龙门山断裂带深部结构与2008年汶川地震发震机理

Translated title of the contribution: Deep structure of the Longmenshan fault zone and mechanism of the 2008 Wenchuan earthquake

Jianshe Lei, Dapeng Zhao, Xiwei Xu, Mofei Du, Guangwei Zhang, Changqing Sun, Qi Mi, Mingwen Lu, Yu Yang, Jing He, Bing Zhang, Fanfan Tian

Research output: Contribution to journalArticlepeer-review

15 Citations (Scopus)

Abstract

Since the occurrence of the 2008 Wenchuan earthquake (Ms8.0), many researchers have conducted extensive seismological and geophysical observations and investigations and obtained important results about the Longmenshan fault zone. Crustal structure inferred from local tomography shows that seismic velocity exhibits significant changes across the Wenchuan earthquake hypocenter from the south to the north. To the south, obvious low-velocity (low-V) anomalies exist, whereas strong lateral heterogeneities are revealed to the north, which may explain why the aftershocks extend northeastward. The Wenchuan earthquake occurred at the boundary between high-velocity (high-V) and low-V anomalies and a significant low-V zone is revealed below the mainshock hypocenter, suggesting that the nucleation of the Wenchuan earthquake was related to partial melts and/or fluid effects and associated with the reduction of effective normal stress on the fault plane, due to high temperature and high pressure in the Longmenshan fault zone caused by the India-Asia collision. The upper-mantle structure inferred from teleseismic tomography shows that the Longmenshan fault zone is located in the transition zone from low-V anomalies beneath the Songpan-Ganzi block to high-V anomalies beneath the Sichuan basin. This structural feature extends down to 200-300 km depths. High-V anomalies in the mantle transition zone are connected with those in the upper mantle beneath the Burma arc, indicating that the Wenchuan earthquake could be associated with upwelling of hot and wet materials in the big mantle wedge formed by the deep subduction of the Indian plate. These results suggest that the generation of the Wenchuan earthquake was related to structural heterogeneities in not only the crust but also the upper mantle. In addition, high-poisson's ratio and high-conductivity anomalies are revealed beneath the Wenchuan earthquake source area, which may also reflect lower crustal flow that is compressed and moving eastward. When the eastward flow encountered the strong Sichuan basin block around the Longmenshan fault zone, the flow is further compressed upward along the margin of the Sichuan basin, which could have caused the fault rupture and generated the Wenchuan earthquake. Some geologists found a vertical co-seismic displacement of 6.5 m in the Longmenshan fault zone, suggesting that there exists an imbricate structure due to the crustal shortening. Such a shortening mechanism could rupture the seismogenic fault leading to the large earthquake. The Zipingpu reservoir is located very close to the Wenchuan earthquake epicenter. It is still debated whether the reservoir triggered the 2008 Wenchuan earthquake or not. Although some simulation results suggest that the Wenchuan earthquake could be triggered by the reservoir, there are large differences in the estimated stress in the hypocentral area due to large uncertainties of the physical parameters adopted in the numerical simulations. Hence, the physical parameters should be determined precisely in future investigations so as to clarify the effect of the reservoir on the seismogenesis. We also discuss the causal mechanism of the 2013 Lushan earthquake (Ms7.0) and future seismic risk in the gap between the aftershock zones of the Wenchuan and Lushan earthquakes.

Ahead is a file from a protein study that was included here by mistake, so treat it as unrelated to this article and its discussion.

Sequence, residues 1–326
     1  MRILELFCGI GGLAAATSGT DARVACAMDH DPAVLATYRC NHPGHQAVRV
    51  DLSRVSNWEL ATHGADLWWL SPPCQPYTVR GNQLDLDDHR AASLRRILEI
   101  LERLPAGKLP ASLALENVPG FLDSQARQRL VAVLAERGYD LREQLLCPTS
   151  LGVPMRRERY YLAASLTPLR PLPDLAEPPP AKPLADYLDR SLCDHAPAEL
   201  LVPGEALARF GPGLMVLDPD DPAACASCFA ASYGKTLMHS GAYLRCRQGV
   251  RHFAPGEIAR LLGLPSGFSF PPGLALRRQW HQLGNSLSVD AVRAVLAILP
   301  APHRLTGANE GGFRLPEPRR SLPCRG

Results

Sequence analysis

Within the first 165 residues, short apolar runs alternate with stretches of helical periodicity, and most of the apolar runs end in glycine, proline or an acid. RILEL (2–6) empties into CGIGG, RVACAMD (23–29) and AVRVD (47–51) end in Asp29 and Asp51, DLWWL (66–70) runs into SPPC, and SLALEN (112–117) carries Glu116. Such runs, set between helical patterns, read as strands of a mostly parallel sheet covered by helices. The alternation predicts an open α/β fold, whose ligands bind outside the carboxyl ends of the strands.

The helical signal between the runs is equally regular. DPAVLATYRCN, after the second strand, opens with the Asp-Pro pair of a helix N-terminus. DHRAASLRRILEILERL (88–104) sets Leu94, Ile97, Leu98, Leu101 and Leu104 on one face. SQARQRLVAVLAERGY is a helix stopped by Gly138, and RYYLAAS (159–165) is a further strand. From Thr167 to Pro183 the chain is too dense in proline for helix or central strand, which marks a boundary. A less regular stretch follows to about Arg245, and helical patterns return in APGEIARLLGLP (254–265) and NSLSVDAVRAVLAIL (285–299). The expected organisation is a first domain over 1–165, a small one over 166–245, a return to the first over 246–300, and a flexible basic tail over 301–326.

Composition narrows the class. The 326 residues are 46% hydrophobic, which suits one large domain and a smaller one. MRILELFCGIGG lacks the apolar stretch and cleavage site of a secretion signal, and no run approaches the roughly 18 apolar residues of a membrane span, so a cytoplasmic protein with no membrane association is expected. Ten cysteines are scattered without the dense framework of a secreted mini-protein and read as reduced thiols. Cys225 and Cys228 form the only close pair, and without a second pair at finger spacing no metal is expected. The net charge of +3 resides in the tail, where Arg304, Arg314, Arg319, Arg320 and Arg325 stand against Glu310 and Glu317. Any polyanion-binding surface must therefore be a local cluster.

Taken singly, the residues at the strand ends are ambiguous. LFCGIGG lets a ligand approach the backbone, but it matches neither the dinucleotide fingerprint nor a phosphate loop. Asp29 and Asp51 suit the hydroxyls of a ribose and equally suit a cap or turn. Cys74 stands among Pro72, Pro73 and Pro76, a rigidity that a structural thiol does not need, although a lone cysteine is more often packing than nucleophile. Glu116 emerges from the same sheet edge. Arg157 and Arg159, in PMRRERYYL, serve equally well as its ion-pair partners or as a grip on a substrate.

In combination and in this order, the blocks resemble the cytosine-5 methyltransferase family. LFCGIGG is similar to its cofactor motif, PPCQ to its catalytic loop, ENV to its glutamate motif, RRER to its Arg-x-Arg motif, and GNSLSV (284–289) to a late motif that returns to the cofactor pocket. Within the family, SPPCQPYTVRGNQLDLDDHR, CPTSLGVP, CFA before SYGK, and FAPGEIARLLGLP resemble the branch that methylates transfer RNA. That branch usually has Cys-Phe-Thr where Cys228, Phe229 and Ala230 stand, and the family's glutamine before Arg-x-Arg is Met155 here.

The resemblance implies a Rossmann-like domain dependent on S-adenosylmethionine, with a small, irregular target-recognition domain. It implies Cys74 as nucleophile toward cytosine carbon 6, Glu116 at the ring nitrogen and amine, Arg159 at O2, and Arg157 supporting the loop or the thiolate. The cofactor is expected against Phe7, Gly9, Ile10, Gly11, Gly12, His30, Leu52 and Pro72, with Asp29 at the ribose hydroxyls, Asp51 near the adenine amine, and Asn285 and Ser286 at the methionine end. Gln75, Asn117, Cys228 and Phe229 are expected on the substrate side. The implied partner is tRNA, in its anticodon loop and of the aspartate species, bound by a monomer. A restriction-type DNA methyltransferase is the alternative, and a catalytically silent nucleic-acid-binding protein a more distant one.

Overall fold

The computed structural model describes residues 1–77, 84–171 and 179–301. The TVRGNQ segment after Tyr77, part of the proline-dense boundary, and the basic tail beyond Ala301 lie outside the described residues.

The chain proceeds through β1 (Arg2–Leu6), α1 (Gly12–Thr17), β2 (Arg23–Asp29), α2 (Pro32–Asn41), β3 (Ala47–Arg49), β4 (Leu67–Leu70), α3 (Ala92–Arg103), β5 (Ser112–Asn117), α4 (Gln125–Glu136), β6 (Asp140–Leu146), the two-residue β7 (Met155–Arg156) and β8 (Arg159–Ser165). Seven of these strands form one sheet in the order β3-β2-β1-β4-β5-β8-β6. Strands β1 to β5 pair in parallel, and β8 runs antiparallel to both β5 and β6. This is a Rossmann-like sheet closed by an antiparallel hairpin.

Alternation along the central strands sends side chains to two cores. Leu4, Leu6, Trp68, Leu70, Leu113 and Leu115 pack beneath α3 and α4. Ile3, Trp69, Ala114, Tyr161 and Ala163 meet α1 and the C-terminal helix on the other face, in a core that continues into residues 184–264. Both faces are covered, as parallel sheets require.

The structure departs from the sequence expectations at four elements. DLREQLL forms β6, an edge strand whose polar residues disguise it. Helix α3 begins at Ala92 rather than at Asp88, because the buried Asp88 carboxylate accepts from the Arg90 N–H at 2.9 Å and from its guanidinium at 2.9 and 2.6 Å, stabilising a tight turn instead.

Translated title of the contributionDeep structure of the Longmenshan fault zone and mechanism of the 2008 Wenchuan earthquake
Original languageChinese (Traditional)
Pages (from-to)1906-1916
Number of pages11
JournalKexue Tongbao/Chinese Science Bulletin
Volume63
Issue number19
DOIs
Publication statusPublished - 2018 Jul 1

Keywords

  • Crustal structure
  • Longmenshan fault zone
  • Mantle structure
  • Mechanism of the Wenchuan earthquake
  • Seismic tomography

ASJC Scopus subject areas

  • General

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